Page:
Is health care reform an issue for nonprofits? (Duh)

Reposted from MNA's blog:

Is health care reform an issue for your nonprofit?

Michigan Nonprofit Association says yes and nine out of ten responding nonprofits to our recent health care survey agree. MNA and the Johnson Center at Grand Valley State University assessed how the current health care system is affecting nonprofits as employers.

If you agree health care reform is an issue for your nonprofit, the results may seem obvious, but there are two striking findings that deserve repeating:

1. Health care costs impact Michigan nonprofits’ ability to attract and retain talent while responding to shrinking revenues.

2. Reform of the current health care system is near universally important to Michigan nonprofits.

It is critical the nonprofit sector has a voice in the health care reform debate. Today, MNA’s Board of Trustees met and adopted the following statement in regards to MNA’s position on health care reform. Michigan Nonprofit Association believes that health care reform should embrace the following set of principles:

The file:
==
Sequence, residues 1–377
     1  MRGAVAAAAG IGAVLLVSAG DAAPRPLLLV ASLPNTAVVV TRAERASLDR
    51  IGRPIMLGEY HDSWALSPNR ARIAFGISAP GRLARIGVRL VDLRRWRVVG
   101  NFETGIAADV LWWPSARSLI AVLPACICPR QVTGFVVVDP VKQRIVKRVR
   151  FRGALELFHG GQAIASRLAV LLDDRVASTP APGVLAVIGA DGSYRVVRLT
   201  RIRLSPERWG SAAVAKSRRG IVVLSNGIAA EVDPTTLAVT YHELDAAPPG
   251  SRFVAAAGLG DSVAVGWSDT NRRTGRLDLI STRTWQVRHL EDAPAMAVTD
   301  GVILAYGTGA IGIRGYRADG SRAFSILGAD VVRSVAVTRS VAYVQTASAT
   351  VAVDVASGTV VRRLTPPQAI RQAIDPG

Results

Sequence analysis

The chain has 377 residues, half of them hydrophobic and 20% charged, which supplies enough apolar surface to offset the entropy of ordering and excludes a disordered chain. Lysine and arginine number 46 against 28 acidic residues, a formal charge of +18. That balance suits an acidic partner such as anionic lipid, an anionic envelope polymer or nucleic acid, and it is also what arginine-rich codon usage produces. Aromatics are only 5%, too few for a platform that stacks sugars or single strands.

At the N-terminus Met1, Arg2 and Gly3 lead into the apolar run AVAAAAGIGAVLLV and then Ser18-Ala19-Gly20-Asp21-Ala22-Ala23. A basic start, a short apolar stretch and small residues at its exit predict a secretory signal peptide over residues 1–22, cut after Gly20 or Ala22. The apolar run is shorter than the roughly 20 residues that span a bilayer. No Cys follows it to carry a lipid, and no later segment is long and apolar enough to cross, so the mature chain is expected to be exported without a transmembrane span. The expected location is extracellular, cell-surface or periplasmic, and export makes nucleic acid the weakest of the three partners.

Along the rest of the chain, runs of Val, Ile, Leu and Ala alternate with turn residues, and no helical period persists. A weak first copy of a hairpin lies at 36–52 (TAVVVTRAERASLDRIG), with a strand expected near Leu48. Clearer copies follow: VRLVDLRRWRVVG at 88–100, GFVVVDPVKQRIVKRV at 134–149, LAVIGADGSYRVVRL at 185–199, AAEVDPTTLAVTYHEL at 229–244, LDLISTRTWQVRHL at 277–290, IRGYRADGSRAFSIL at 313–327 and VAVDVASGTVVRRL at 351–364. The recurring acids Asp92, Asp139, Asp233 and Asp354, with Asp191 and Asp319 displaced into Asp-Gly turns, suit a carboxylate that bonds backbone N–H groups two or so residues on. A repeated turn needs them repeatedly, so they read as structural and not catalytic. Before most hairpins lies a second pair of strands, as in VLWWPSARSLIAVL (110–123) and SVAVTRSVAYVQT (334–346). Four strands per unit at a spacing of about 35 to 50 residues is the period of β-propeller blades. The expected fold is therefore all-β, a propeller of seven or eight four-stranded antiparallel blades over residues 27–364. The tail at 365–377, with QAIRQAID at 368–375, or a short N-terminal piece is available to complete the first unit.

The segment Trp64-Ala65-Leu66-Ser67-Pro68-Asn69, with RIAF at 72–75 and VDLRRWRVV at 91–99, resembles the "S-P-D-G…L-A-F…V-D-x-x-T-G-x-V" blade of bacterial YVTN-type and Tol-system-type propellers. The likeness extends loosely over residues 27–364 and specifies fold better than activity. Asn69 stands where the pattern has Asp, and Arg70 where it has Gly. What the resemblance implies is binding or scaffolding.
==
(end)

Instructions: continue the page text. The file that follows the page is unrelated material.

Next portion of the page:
• Health care reform should ensure high-quality health care;
• Health care reform should have as an ultimate goal to provide universal access to affordable health care;
• Health care reform should address the needs of the nonprofit community and the people it serves; and
• Health care reform should not add financial burdens to the nonprofit community that are not shared by other sectors of society.

Monday, September 14, 2009

"Are Cripples Screwed?"

(Sex)abled: Disability Uncensored celebrates people with disabilities as sexual beings.

Check out this great short (15 minute) student video here.

This new student film features participants of the discussion panel sponsored by University of California Berkeley's Disabled Students Union called "Are Cripples Screwed?" The film also features other Bay area community members and comedian Josh Blue (winner of Last Comic Standing) as they share their personal experiences with sex, dating and intimacy. (Sex)abled reveals that while not everyone will choose to be sexually active, everyBODY is capable of being sexual.